We wrote in our notebooks on the hotel terrace. A metal door rolled up its tracks announcing the shop was open for business. A car drove away from an underground garage onto a narrow street. D and I drank another cup of coffee. We studied a map of Oaxaca City, memorized our walking route to the zocalo (the city’s center), packed our cameras, water, and guidebooks, and left the hotel.
Scenes from our walk:
Several women sat beneath an awning shaded from the rising lemon light. Their hands moved in rhythmic precision like a wound pocket watch. Flour, water, and salt tins were opened and closed. One woman prepared the dough, folding it into a flattened disc between her small hands. She passed the disc to another woman seated in front of a heated stone where the dough was placed. The women sold fresh tortillas layered with Queso Oaxaca (semi-hard cheese that is stretched and rolled into a ball like yarn), frijoles negro, and crescents of raw onions wrapped in waxed paper to neighborhood pedestrians.
We walked to Mercado Juarez, an indoor market located southwest of the zocalo. Vendors sold mostly food, meat, eggs, cheese, produce, along with some crafts, flowers, and leather goods. The market smelled of blood, yet sparkled clean. Chickens hung from the ceilings by their featherless necks. Spiced beef was pounded thin and wrapped in string. Eggs sat in baskets on the shelves. Queso Oaxaca was pulled from the chilled display cases. Avocados, bananas, limes, and chocolate blocks were sold. Next to the entrance, a woman squeezed rice pulp into a large bowl and poured a glass of horchata (cinnamon flavored rice and almond milk).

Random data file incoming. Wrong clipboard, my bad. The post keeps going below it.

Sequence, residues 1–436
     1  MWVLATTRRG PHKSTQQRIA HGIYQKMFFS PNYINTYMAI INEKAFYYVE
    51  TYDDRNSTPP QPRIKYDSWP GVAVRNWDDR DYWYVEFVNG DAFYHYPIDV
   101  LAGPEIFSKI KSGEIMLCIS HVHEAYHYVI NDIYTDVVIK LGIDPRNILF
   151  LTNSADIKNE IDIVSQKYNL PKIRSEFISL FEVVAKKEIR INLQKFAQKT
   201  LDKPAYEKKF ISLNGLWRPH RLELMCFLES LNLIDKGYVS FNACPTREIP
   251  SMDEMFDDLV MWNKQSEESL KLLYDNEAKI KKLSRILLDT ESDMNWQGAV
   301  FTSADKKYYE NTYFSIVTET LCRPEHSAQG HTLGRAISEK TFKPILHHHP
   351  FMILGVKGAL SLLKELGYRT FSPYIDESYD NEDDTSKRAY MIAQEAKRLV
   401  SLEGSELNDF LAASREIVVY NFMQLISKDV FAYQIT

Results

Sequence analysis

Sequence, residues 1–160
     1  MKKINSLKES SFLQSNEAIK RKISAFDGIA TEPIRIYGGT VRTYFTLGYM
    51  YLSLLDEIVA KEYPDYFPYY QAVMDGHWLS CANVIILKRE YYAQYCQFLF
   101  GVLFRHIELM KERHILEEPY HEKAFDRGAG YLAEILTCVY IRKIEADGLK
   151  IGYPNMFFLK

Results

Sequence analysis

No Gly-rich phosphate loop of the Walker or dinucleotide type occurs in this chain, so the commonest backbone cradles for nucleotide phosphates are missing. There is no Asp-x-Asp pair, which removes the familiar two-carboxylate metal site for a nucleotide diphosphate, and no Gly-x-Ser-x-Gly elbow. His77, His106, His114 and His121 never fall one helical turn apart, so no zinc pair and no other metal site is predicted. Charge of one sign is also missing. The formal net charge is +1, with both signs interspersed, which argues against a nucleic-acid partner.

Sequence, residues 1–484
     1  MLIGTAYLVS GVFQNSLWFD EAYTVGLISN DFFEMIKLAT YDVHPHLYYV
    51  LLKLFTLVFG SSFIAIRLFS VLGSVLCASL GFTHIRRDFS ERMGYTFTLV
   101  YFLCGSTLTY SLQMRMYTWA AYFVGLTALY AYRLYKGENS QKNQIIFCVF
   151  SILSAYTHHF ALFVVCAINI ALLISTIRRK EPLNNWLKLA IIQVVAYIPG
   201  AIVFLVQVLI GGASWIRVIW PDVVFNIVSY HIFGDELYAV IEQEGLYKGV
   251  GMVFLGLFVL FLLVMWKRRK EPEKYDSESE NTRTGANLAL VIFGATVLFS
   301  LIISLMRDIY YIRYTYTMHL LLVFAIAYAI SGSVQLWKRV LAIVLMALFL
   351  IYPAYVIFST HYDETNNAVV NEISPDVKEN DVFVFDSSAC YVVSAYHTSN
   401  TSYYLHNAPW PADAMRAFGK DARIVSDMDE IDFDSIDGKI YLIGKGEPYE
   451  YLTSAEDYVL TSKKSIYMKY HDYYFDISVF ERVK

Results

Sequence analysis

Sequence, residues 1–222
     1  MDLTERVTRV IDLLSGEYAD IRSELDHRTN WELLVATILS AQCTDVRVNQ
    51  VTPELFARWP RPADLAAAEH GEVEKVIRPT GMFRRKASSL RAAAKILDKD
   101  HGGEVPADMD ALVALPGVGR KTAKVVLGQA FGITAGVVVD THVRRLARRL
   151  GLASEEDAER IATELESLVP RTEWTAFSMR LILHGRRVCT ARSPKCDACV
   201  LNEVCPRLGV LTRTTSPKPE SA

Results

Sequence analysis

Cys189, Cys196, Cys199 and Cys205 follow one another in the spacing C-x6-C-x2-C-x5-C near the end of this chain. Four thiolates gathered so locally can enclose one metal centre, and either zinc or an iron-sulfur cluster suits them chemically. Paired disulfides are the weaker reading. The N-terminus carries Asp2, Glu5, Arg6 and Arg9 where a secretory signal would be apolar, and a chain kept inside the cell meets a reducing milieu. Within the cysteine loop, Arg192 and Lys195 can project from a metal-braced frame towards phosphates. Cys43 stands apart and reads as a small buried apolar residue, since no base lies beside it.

A row of shop owners fastidiously clean their storefronts in unison. Each one tosses a full bucket of soapy water onto their sidewalk section and anyone who happens to be walking by, even potential shoppers. The gray water is then swept into the street, forming a small stream along the curb.
University students set up sketch pads in front of a stone church and gathered on or near the crumbling perimeter wall. They lifted their pencils to the church in vertical and horizontal angles and sketched quick strokes on their paper. Color bled into the penciled lines. They blotted the watercolors with cloth squares.
Inside a barber shop lined with mirrors, a man got a haircut. I stopped and pointed my camera toward the shop. The barber began waving his arms and shouting at me to stop. No photos.
Three women balanced baskets filled with bread and vegetables on their heads as they walked in a line down the sidewalk.
In front of a row of shops, women embroidered orange, red, and yellow flowers on cotton dresses (huipiles).